I choose this photo because:
* The freeway landscaping is in full view.
* The photo marginalizes the freeway.
* The brightness of the can stands in contrast to the painted and aging fence.
My project is to study the intimate ways freeways normalize specific daily activity as they push foot and vehicle traffic toward certain corridors and overpasses. This photo is facing west over the 210 freeway. I am on the El Molino Ave. freeway overpass, about one-half mile west of the Lake Ave exit. There are a steady stream of cars and occasional UPS and Fed-Ex delivery trucks. This overpass is not very noticeable. In taking the photo, I tried to frame the single 24oz can of "Steel Reserve" malt liquor as all alone on one side of an aging fence disguised by fading paint. The stillness of the photo is given away by a condensed view of the freeway reminding the viewer of the constant motion underneath. The freeway does not seem to be disrupting the picture whereas in real life the freeway has cut off north-south traffic except for certain areas like this overpass. The photo also catches a view of the incredible number of trees that line the freeway pointing to the significant landscaping expertise that is required for freeway maintenance.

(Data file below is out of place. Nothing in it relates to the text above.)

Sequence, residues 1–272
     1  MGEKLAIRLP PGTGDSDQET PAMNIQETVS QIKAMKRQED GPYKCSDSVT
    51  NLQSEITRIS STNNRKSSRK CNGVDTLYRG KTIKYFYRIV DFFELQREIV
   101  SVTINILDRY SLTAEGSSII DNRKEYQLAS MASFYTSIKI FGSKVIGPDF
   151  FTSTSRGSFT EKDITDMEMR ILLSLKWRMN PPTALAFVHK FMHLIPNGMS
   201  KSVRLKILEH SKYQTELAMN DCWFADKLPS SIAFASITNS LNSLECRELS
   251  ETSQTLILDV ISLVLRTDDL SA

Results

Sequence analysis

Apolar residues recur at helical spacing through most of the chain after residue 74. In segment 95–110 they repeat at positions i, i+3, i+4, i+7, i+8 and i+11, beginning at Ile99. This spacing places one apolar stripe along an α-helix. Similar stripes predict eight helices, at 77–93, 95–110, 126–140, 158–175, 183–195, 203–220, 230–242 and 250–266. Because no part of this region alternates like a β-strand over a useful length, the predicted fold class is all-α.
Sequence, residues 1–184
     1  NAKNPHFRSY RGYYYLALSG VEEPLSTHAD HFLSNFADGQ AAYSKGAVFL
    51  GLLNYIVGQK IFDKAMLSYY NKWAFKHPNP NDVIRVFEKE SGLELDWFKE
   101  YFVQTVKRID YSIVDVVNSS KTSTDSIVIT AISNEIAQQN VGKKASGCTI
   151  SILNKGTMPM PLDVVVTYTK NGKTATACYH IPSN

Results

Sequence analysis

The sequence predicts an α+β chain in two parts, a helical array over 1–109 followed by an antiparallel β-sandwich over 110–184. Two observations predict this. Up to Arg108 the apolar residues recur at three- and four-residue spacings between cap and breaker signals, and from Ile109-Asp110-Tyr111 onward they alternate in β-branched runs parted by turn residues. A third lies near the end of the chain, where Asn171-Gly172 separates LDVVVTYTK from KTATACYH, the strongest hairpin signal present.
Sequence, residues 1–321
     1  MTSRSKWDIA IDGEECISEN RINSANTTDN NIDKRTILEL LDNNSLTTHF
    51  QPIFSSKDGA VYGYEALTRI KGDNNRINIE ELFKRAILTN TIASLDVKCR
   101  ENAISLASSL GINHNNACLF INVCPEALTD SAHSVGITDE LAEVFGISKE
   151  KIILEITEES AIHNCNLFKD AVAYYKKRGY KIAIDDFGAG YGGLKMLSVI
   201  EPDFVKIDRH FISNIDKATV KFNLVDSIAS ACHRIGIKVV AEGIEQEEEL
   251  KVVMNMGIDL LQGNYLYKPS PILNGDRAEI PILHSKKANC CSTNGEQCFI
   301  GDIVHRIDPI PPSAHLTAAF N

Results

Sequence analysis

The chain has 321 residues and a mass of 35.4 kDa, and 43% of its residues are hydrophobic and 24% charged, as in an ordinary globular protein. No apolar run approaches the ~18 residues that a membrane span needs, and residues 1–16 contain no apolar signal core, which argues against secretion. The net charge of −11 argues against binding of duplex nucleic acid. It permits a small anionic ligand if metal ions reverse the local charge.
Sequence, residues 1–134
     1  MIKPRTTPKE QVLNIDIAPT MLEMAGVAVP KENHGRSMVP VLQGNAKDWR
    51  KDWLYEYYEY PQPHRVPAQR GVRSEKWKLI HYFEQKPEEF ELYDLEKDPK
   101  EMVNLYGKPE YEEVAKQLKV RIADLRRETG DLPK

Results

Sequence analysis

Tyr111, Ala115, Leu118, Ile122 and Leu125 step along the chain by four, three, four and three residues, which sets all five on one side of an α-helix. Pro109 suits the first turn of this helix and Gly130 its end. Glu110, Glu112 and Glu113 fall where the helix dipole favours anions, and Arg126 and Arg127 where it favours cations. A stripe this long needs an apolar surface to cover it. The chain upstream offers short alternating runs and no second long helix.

Hernandez, Fred Ariel. 2018. "Created Image: Steel Reserve." In A part of the neighborhood, created by Fred Ariel Hernandez. In Visualizing Toxic Subjects Digital Exhibit, curated by James Adams and Kim Fortun. The Center for Enthographyc. Novemeber.